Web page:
The recent weeks have been some of the most volatile ones as the fear of the European financial crisis ripples through the economies of the world, resulting in a massive flight to safety to the USD and funds being drawn out of troubled countries, pushing up the USD and triggering bank runs. The rise in the USD depressed commodity prices, including that of gold, though as at the time of writing this, gold just shot up about US$50 (3%) on news of US jobs data being weaker than expected, thus sparking speculation of possible monetary easing to come. So it seems gold is seen as a safe haven again relative to the USD.
MAS has just announced it will “increase the slope of its policy band slightly for a modest and gradual appreciation of the Singapore dollar”. Two days before the announcement, the USD/SGD rate already started to decline from the recent high of 1.26. This bodes well for home loan rates, where SOR has already fallen below Sibor for 3 weeks. Given the Fed’s apparent commitment to keep rates low through 2014, which is actually just a forecast and not set in stone, it appears that interest rates will probably remain subdued for a while at least. Meanwhile, despite repeated attempts to suppress oil price, it managed to stay above US$102. This could be a sign of QE3?
The fall in USD/SGD exchange rates over the last few days (from 1.3 to 1.256), coupled with the Fed’s commitment that they will hold rates low through to at least late 2014 resulted in a significant fall in the SOR. As an analyst in the article points out, “What they’re doing is setting the table for some sort of additional monetary easing”.
SOR rises above 0.5% for the first time since June 2010, as the USD/SGD moves close to 1.3 again and LIBOR hit 0.54% on its continued steep incline, while SIBOR remains muted at 0.38%. The massive flight-to-safety from the Eurozone’s trouble pushes the US dollar higher as investors piled into Treasuries. This, the result of ECB’s stubborn unwillingness to print money, though, as widely expected, they did further cut rates by another quarter points to 1%.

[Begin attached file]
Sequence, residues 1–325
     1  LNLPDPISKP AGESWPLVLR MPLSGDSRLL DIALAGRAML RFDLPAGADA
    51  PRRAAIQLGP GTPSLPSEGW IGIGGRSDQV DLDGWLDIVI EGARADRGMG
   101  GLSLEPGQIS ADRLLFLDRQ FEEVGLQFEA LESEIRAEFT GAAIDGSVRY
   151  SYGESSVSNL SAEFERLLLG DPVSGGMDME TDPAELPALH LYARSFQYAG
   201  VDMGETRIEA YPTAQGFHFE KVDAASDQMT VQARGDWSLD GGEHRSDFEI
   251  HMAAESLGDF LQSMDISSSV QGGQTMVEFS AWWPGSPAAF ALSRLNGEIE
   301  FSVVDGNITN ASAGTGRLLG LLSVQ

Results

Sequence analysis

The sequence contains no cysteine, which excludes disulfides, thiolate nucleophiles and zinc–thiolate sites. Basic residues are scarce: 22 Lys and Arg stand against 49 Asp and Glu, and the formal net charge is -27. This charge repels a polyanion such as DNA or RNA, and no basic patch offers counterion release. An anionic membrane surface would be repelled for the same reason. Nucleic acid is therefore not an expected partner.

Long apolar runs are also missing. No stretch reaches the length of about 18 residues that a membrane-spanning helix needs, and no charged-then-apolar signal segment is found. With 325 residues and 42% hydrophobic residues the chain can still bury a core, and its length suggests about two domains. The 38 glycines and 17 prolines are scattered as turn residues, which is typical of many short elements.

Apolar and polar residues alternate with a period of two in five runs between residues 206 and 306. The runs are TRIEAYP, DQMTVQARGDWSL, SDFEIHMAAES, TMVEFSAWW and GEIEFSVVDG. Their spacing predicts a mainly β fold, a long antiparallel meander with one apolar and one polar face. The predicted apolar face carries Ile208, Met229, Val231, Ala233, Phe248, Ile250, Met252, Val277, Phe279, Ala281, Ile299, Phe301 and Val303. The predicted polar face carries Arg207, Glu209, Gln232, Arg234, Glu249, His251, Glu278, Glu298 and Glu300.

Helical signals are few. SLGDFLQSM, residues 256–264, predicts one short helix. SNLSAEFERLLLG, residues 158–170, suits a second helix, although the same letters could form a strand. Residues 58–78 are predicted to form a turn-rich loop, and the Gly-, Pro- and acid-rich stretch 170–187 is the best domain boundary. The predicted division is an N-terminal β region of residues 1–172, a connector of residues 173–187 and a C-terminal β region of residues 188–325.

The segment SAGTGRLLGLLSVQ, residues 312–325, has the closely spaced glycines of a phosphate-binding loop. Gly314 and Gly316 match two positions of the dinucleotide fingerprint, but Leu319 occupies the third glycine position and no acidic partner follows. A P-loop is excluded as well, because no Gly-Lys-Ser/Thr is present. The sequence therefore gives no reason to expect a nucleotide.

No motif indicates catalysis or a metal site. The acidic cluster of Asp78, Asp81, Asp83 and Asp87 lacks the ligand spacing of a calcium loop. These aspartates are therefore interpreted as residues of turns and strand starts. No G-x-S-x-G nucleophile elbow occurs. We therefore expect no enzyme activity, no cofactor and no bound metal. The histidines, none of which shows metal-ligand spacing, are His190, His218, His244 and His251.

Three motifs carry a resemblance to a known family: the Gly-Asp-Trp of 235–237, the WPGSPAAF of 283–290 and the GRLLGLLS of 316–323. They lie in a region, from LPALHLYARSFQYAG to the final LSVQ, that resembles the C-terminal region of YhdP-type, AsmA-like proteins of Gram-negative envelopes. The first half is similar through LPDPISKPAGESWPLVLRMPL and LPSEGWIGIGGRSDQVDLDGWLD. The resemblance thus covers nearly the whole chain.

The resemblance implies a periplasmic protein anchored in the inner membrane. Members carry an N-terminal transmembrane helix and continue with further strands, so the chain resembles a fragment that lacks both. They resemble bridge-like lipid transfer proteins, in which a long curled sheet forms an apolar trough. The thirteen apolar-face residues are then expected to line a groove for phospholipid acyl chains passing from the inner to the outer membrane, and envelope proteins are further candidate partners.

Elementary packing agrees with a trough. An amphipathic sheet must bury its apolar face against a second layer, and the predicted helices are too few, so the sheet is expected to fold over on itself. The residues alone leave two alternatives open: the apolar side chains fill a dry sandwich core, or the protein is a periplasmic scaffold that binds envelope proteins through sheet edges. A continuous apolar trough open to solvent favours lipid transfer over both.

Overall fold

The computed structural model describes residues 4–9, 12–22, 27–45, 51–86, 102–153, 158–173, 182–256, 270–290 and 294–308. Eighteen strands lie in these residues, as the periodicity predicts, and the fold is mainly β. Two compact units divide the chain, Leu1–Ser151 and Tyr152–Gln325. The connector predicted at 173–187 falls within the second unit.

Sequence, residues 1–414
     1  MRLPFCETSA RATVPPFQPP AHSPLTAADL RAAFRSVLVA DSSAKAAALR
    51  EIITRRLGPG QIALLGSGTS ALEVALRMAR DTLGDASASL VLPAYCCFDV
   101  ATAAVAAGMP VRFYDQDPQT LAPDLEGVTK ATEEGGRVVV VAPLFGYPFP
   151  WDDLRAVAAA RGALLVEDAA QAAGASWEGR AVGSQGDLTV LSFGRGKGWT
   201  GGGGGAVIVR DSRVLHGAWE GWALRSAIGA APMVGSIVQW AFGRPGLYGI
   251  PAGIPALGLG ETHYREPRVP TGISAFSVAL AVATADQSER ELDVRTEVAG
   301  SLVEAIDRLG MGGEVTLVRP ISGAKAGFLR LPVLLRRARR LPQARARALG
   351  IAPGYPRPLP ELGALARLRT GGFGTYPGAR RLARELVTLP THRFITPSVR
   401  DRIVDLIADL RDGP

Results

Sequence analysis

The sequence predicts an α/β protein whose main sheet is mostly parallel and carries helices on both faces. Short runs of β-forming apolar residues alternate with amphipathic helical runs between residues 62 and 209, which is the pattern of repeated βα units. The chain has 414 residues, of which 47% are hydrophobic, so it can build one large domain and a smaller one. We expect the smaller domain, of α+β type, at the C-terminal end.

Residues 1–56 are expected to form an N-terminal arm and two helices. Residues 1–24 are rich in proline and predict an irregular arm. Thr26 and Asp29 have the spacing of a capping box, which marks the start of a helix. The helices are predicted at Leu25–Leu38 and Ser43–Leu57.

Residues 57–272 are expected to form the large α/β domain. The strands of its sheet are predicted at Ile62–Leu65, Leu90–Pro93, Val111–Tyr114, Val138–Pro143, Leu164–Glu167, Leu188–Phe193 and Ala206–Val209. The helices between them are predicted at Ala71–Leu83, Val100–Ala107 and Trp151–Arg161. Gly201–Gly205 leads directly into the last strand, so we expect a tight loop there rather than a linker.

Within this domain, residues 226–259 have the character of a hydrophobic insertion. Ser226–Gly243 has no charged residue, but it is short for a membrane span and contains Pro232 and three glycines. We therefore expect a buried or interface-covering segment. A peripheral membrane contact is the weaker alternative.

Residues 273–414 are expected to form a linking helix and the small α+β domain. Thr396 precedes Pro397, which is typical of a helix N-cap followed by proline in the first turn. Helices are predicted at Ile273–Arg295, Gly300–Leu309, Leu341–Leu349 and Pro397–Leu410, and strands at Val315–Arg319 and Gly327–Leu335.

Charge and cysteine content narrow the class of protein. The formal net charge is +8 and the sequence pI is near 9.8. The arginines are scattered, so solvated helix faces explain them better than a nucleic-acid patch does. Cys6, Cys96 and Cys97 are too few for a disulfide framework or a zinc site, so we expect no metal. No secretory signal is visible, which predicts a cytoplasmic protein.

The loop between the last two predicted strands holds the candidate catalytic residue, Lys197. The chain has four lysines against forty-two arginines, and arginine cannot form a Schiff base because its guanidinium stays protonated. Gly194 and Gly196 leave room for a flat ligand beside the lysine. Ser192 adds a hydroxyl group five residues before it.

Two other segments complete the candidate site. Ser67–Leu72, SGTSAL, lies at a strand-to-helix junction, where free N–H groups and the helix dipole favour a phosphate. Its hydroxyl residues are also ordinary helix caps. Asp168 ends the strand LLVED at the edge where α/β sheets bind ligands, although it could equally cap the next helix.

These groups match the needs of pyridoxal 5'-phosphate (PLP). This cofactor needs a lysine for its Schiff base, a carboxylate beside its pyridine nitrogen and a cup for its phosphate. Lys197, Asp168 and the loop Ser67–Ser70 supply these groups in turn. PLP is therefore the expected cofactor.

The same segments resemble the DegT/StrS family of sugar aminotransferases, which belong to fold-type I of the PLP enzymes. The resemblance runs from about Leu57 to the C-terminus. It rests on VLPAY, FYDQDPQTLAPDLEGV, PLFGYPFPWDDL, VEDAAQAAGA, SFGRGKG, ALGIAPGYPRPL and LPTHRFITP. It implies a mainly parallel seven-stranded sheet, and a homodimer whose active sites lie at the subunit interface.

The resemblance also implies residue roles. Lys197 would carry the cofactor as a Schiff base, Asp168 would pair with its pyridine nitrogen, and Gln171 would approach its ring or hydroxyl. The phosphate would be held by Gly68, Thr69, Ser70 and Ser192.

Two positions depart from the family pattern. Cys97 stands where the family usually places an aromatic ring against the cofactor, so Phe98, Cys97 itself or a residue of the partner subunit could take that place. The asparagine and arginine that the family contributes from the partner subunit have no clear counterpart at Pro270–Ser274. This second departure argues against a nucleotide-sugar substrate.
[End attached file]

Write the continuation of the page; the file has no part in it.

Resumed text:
The 3-Month SIBOR has dropped a notch from 0.44% to 0.31%, bringing it lower than SOR once again. SIBOR-pegged loans are now more attractive than SOR-pegged ones. This is also partly due to the absence of SOR-pegged loans currently being offered. Banks probably withdrew them after being spooked by the negative SOR back in August.
Oil hit aboove US$94 per barrel today. For some time, it hovered around US$88 and refused to go down. USD/CAD went below parity (didn’t hold though) for the first time since Sep 21. SOR rose from under 0.2% to almost 0.35% in a little over a week, even as USD/SGD fell from 1.3 to 1.26 in just over 2 weeks. As mentioned in a previous posting, SOR and SIBOR were expected to be going up. SOR is probably tracking the climb in LIBOR, which increased quite significantly in the past 3 months. Treasury yields have been on an uptrend as well.
The last time SOR and SIBOR crossed path was way back in May 2009. That was when SOR fell below SIBOR and remained so for more than 2 years. The recent sharp increase in USD/SGD exchange rates (from 1.2 to 1.3 in 3 weeks) took SOR from -0.1 to 0.35 over the same period. It looks like MAS has kept the USD/SGD rate bounded at 1.3 for now, so SOR will likely stabilise, although it is to be noted that LIBOR has been on an increasing trend.
Seems like i caught the dip in SOR just in time, and the negative SOR rate is actually worked into the overall rate! It should have been SOR + 0.99% and SOR happens to be -0.01% on that day. I guess banks actually do make a profit from taking up a SOR loan themselves and they’re obligated to pass it on to consumers under the terms of the loan contract.
The Daily SOR chart looks rather different today. SOR rates are sub-zero! Initially i thought it was due to some error, but realized later that the negative figures are for real. This is probably mostly due to the plunging treasury yields, plus the Fed’s decision to keep record low rates till mid 2013 and low USD/SGD rates.